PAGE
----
Egypt’s 1st Private Wind Farm To Power More Boring Brown Buildings

egypt, buildings, cairoExpect to see more of these as Suez Cement secures its long term viability in Egypt with private wind farm.

The good news? Egypt is getting its first privately owned wind farm. The not so green news? It will be used to generate power for Suez Cement, a company owned by the Italian corporation Italcementi. After Egypt’s golden age of architecture peaked, the majestic pyramids and self-aggrandizing Pharoanic temples and tombs belonging to a bygone era, few Egyptian architects have distinguished themselves.

The country’s architectural aesthetic has been replaced with a desperate effort to accommodate 85 million people on a shoestring budget. And cement is frequently an affordable option. The 120MW wind farm will give the company sufficient energy security to ensure that cement supplies for thousands of half-finished block apartment buildings will not abate any time soon.

renewable energy, wind power, wind turbine, egyptWindy MOU

The energy generating arm of the corporation, which has offices in 22 countries, Italgen first signed a memorandum of understanding with Egypt’s ministry for energy and electricity in 2007.

This agreement gave the company permission to construct a wind farm with a generation capacity of up to 400MW.

With potential to prevent approximately 257,000 tonnes of harmful carbon dioxide emissions, the $200 million wind farm is slated to be built astride the Red Sea near the Gulf El Zeit area.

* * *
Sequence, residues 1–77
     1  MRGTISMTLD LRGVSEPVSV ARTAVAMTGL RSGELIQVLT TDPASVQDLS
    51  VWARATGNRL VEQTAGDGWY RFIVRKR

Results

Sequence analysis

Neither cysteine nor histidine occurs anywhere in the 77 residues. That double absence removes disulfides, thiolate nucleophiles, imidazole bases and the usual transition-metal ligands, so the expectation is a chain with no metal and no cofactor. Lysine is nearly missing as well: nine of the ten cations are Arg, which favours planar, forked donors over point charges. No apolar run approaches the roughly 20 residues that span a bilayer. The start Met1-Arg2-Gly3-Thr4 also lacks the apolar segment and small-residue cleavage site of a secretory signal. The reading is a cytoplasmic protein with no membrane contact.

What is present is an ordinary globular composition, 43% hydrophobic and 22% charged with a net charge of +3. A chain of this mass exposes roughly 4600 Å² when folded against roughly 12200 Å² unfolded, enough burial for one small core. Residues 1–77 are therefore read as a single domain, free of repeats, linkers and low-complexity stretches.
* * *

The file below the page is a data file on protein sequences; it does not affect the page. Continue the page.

Clean wind powers dirty cement

The first private wind farm, Italgen’s general director announced that a large portion of the energy it generates will be used to produce cement for Suez Cement, a company owned by the Italian group.

Frequent power cuts, particularly during Egypt’s hotter summer months, have a crippling impact on businesses. By building their own wind farm, Italgen ensures a secure energy supply to keep their operations going even when the national grid is overwhelmed.

Bring on private green investment

Following the revolution in January, Egypt’s overall economic health has plummeted. Without private investments in the country’s green sector, it is unlikely to take off anytime soon.

Albeit a means to perpetuate the endless brown blight on the country’s otherwise beautiful landscape, Italgen’s wind farm is a groundbreaking step in the right direction to a cleaner Egypt.

:: Ahram Online

More Wind Power projects in the Middle East:

Wind Powered Mosque Makes Going Green a Breeze

Post-Revolution Egypt Wants New Wind Farms

Egypt Requests for 2.7 GW Wind Power by 2016

first image via plusgood, second via Diego3336

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